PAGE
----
Abstract 991: The Novel BTB/POZ Protein, RhoBTB3, Regulates Mitochondrial Function Via The Ubiquitin Proteasome System
Although BTB/POZ family proteins play a critical role in the development of various organs, and are recently known as a substrate adaptor of CUL3 ubiquitin ligases, the involvement of these proteins in heart development remains unknown. We recently isolated the novel protein, RhoBTB3, an 83-kD protein which comprises an N-terminal Rho GTPase resembling domain and two tandem BTB domains. The purpose of this study was to investigate the molecular and functional characteristics of this protein in mice heart.
[Methods and Results]
RhoBTB3 was faintly expressed in the embryonic heart, but was strongly expressed in the adult heart. It was weakly expressed in adult brain and testis.
RhoBTB3-GFP fusion protein cDNA was transfected into primary cultured rat cardiomyocytes using adenovirus. Fluorescence microscopy revealed that RhoBTB3 was located at the cytoplasm of living cardiomyocytes.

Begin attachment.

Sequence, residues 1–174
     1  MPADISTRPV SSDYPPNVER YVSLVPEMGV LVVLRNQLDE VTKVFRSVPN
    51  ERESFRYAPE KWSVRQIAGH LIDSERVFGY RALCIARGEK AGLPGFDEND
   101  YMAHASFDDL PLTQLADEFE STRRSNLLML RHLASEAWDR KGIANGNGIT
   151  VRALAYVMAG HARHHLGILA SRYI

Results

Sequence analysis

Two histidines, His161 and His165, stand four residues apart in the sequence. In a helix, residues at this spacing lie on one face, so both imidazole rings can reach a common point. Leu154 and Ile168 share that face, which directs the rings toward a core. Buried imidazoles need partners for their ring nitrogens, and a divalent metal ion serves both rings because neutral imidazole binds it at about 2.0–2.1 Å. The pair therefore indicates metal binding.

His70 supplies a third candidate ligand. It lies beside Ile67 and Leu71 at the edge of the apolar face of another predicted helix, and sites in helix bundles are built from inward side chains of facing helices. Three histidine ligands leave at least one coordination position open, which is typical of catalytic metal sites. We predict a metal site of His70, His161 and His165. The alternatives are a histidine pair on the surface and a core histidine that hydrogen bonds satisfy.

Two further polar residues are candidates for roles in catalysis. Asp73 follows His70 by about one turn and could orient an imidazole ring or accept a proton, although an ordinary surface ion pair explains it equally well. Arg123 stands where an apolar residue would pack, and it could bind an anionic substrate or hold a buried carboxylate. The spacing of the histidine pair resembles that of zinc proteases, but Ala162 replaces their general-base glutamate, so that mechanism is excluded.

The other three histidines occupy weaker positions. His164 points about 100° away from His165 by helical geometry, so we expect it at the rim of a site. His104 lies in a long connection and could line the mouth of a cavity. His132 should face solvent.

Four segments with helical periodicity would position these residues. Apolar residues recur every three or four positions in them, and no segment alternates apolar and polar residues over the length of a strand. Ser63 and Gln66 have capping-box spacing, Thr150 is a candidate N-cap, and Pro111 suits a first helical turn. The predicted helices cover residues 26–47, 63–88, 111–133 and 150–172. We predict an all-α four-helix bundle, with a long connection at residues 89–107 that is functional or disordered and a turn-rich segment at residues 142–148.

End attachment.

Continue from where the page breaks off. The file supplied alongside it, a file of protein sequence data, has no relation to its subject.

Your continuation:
HA-tagged RhoBTB3 and MYC-tagged CUL family proteins (1 – 5) were co-transfected into COS7 cells. RhoBTB3 was co-immunoprecipitated with CUL3 in vitro, but not with other CUL proteins.
The various mutant RhoBTB3 and wild type CUL3 protein were examined by immunoprecipitation assay. Both the first BTB domain and second BTB domain can bind to CUL3 protein independently.
It was difficult to detect RhoBTB3 in protein analysis. To determine whether or not RhoBTB3 itself could be the Cul3 ubiquitin target, RhoBTB3 protein was measured under the presence of proteasome inhibitor MG132 and protein synthesis inhibitor cycloheximide. The RhoBTB3 protein was immediately degraded and dropped below the detection level within 2 hours.
The transgenic mice which overexpressed the heart-restricted RhoBTB3 were healthy at a young age.
But after 3 months, they gradually showed heart failure and finally fell into sudden death. Interestingly before heart failure, electron microscopy demonstrated that mitochondria dramatically increased in number and showed deformity in RhoBTB3 transgenic hearts.
[Conclusions] RhoBTB3 is mainly expressed in the adult heart, and its protein was rapidly degraded with the CUL3-mediated ubiquitin proteasome system in the heart. The overexpression of RhoBTB3 caused a marked increase in abnormal mitochondria, followed by severe heart failure.